Individuals with an interest in islands and natural history may be familiar with the Canary Islands. Europeans are especially familiar with the islands because of their relatively close proximity to Europe and their location affords a convenient escape from winter weather in northern Europe. However the relatively cool oceanic waters that surround the Canaries also means that they are comfortable in summer as well, and thus they are a year-round touristic destination.
The Canary Islands, all volcanic in origin, exhibit many interesting environments, that are the result of the interaction of the topography of the islands with the relatively steady trade wind flow at lower elevations of the atmosphere. These environments range from moist, fog-induced forests to drier pine forests and dry lee-side semi-deserts. On the highest two islands of Tenerife and La Palma there are even alpine-like shrublands that have snow in winter.
The Canary Islands islands are a well-known for the diversification of a number of plant groups. Perhaps the best known of these is the succulent plant genus Aeonium. Despite taxonomic uncertainties, there are at least 50 species of Aeonium scattered across the islands almost all derived from an ancestor that arrived from the mainland of Africa.
We have visited the Canary Islands twice – in 2014 and 2018. Talks prepared after the 2014 trip can be seen here (for Tenerife and El Hierro) and here (for La Gomera and La Palma). These talks described the basic geography of the islands and in more detail the four islands that we visited in 2014 (and 2018 also). Some of the material below is the same as shown in these talks, while other information and many of the images are new.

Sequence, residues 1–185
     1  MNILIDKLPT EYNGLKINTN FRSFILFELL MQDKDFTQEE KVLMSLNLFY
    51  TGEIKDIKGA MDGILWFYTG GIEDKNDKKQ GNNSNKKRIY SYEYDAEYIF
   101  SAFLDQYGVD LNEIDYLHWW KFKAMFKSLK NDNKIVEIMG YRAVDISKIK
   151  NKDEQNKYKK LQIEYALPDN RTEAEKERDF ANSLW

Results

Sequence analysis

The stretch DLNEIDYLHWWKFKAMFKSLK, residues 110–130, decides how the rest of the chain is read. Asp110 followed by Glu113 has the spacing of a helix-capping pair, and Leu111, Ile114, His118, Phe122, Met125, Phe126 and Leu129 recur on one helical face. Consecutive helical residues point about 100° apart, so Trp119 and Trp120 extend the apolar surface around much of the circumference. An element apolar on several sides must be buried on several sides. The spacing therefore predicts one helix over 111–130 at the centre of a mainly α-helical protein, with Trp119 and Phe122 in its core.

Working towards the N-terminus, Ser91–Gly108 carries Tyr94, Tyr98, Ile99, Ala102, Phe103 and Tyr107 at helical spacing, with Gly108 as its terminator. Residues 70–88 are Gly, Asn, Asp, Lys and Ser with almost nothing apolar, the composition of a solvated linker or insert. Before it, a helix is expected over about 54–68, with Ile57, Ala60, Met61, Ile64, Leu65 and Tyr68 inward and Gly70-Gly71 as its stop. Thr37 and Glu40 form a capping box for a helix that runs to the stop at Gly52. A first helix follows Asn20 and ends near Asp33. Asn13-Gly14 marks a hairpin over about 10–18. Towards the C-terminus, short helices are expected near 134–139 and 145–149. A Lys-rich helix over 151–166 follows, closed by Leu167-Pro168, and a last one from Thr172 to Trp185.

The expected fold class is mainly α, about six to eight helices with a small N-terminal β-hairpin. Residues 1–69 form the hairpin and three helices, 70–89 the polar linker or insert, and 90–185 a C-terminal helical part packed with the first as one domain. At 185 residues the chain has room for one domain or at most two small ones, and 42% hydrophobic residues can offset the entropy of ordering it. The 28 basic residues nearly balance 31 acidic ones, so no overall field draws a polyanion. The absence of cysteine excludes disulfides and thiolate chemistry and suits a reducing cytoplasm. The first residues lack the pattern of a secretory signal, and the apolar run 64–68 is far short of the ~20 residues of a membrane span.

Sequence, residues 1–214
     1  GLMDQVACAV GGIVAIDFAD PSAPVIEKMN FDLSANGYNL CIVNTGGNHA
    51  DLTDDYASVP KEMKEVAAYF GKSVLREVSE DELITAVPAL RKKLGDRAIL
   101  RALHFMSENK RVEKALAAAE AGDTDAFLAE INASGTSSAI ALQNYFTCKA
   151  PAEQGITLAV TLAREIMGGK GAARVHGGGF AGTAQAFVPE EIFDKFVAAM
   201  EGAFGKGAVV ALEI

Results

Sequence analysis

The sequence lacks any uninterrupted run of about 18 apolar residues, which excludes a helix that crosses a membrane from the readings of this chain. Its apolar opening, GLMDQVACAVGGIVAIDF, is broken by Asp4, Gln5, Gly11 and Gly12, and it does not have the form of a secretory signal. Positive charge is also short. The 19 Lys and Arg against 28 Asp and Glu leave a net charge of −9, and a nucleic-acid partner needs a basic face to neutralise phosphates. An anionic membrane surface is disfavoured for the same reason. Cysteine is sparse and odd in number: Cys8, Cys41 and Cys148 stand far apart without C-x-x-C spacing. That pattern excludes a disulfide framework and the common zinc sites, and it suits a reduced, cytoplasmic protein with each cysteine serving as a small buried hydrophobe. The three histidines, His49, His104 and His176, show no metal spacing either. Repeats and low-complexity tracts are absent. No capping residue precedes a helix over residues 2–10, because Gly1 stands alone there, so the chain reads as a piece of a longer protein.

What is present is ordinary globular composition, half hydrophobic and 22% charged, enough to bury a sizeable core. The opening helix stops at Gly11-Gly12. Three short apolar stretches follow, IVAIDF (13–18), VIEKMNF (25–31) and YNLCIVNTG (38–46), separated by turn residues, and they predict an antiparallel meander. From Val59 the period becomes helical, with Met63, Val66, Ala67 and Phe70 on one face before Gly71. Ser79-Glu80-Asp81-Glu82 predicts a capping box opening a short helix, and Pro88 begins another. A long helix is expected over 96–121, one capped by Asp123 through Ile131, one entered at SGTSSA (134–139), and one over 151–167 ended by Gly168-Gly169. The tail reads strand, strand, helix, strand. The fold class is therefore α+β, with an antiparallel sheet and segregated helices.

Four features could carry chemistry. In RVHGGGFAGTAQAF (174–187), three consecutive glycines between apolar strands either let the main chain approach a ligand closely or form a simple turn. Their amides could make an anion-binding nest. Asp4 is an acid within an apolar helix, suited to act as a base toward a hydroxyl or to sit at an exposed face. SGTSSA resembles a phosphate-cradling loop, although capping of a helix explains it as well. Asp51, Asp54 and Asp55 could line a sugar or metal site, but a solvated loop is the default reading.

Because there is so much material we have divided it into different sections. While Climate is often included within a section on Basic Geography, we have separated it here because there is more than the usual climate information that is relevant to natural history travelers. The Flora and Fauna section is biased towards the flora, since there are relatively few interesting larger endemic animals on the islands. The Suggestions for Visiting section includes our recommendations for what islands to visit, areas that might be the most interesting, and accommodation and transportation strategies. While such material is discussed extensively in the innumerable travel guides that cover the islands, our perspective, as always, is that of natural history travelers.
Our specific comments regarding each island we have visited are under the following pages: (these are not yet completed – not even started!)